After winning second prize in the NC Writers’ Network’s Rose Post Creative Nonfiction Competition in 2015, my story about my dad finally saw publication this year in this lovely English journal. Interestingly, my story is on page 78, which is the age my father was when he passed away in 2003.

My dad and me around 1967.

My father kept paper clips in a rusty tea tin. He kept a Civil War bullet wrapped in Kleenex in an envelope in a dresser drawer. In a faded wooden cigar box, a handful of letters his mother had written home from the hospital just before she died when he was eight. Outdated train schedules. Tiny pencil nubs with the pocket-sized notebooks he always carried in his breast pocket. I never saw him without one. He never threw one away.

Read the rest in York Literary Review.

In March of 2017, a story of mine won second place in the North Carolina Writers’ Network’s Rose Post Competition. Although this honor comes with a substantial monetary prize, it does not offer publication, so the story remains as yet unpublished. Stay tuned. For now, here is an excerpt.


Loblolly. My father loved this word, delicious on the tongue. My father also loved the loblolly pine. He had a particular fondness for trees in general, in part because they reminded him of his childhood in rural North Carolina. He loved Manhattan and spent all his adult life there, but the spindly street trees were something of a disappointment.

Every summer, he and I would board the Piedmont Airlines jet at La Guardia and two hours later disembark into the swelter of the Raleigh-Durham airport. My cousin David would pick us up and drive us down the old two-lane Highway 70 to Smithfield. We passed through Raleigh and left behind its familiar concrete skyline for what was to me the increasingly exotic and alien landscape of greenery. About an hour into the two-hour drive, David would ask if my dad wanted to drive by “the old home place” and my dad would say, “Well, if it’s not too much trouble.” In the backseat, I rolled my eyes. As we neared the farm, which contained my great grandfather’s decrepit farmhouse, he would turn to me and say in a reverent tone, “Bethy, look at that tree.” David would obligingly slow down so Dad could crane his neck for the longest view of some specimen, which to my city-loving eyes was brown trunk, green leaves, no big deal.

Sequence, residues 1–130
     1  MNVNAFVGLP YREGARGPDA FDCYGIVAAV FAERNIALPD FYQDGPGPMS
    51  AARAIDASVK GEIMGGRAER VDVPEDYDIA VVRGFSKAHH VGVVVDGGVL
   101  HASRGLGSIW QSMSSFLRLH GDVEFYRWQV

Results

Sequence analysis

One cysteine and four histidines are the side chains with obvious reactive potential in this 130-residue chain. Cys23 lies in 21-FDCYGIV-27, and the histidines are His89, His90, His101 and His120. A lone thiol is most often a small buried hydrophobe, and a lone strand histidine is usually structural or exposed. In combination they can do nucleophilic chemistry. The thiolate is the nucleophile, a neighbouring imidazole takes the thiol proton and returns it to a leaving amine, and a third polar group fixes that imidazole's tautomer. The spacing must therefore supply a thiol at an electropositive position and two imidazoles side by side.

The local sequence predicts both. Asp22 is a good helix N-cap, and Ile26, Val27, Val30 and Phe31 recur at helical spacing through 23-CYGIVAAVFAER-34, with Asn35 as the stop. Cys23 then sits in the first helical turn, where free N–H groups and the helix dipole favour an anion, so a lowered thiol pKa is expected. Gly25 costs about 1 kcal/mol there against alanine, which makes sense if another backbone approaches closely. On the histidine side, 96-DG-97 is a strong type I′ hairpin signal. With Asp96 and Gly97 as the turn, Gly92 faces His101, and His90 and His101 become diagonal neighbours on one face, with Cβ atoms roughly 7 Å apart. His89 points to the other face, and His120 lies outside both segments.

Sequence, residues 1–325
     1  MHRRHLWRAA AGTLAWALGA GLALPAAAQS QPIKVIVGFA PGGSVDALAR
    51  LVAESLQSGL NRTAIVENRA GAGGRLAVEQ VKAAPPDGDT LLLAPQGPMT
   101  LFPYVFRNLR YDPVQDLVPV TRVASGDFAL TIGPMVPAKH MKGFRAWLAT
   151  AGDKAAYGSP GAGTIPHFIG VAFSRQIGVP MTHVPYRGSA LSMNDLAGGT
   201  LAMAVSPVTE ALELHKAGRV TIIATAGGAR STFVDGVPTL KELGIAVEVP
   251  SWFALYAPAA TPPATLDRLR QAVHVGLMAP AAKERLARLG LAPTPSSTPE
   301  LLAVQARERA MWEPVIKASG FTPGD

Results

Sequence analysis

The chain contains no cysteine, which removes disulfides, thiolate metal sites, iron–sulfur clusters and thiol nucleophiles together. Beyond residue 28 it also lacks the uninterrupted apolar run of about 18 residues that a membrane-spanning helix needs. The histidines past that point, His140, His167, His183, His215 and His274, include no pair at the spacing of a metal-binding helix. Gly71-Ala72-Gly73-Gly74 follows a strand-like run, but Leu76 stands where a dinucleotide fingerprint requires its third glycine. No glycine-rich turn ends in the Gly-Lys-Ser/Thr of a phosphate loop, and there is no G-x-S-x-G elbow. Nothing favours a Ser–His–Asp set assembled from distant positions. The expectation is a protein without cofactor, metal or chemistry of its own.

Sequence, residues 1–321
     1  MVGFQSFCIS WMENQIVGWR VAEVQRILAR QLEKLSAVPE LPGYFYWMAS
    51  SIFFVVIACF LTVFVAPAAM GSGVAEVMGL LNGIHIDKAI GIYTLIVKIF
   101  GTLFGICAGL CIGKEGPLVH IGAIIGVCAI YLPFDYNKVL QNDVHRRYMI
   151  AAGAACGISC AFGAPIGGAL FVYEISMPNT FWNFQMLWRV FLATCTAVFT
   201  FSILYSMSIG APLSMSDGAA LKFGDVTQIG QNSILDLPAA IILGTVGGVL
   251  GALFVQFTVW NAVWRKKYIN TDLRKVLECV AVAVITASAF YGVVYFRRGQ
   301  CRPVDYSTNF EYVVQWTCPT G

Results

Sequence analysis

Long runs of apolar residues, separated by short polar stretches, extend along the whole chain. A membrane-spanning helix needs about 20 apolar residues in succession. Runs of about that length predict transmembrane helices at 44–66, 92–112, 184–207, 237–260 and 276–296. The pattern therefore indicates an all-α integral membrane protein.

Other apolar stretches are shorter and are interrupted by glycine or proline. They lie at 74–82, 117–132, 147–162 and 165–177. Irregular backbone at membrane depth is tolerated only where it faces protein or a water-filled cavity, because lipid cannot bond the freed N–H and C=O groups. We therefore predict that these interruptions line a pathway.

A longtime goal was realized when I got this story published in Cruising World in October of 2016. I ran across Carole Ann Borges’ book when her brother, Cruising World columnist Cap’n Fatty Goodlander, posted about it on Facebook. I liked the book so much, I contacted her about doing an interview. We talked non-stop for ninety minutes, my longest interview yet. She was so excited about the article because she really wanted her book to see a wider audience. Sadly, she was taken by cancer before the piece was published. If you’d like to buy her book, click here. To read my article, click the picture.

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By Beth Browne

Published in 234 Journal, May 2011

It was written on a small plastic table in a shaky pencil stroke: Sandy’s table. I think that’s how I guessed his name. It wasn’t until much later that we found out his real name. He commanded a spot on the beach near the parking lot of the vacation rentals, tucked into a V-shaped section of unpainted picket fencing whose original purpose was to protect the dunes. On the far side of the “V” he had a large piece of driftwood decorated with shells. He had collected some nice large whelks, a piece of an iridescent fan and a few of those big sand colored clams that are so common on Carolina beaches.

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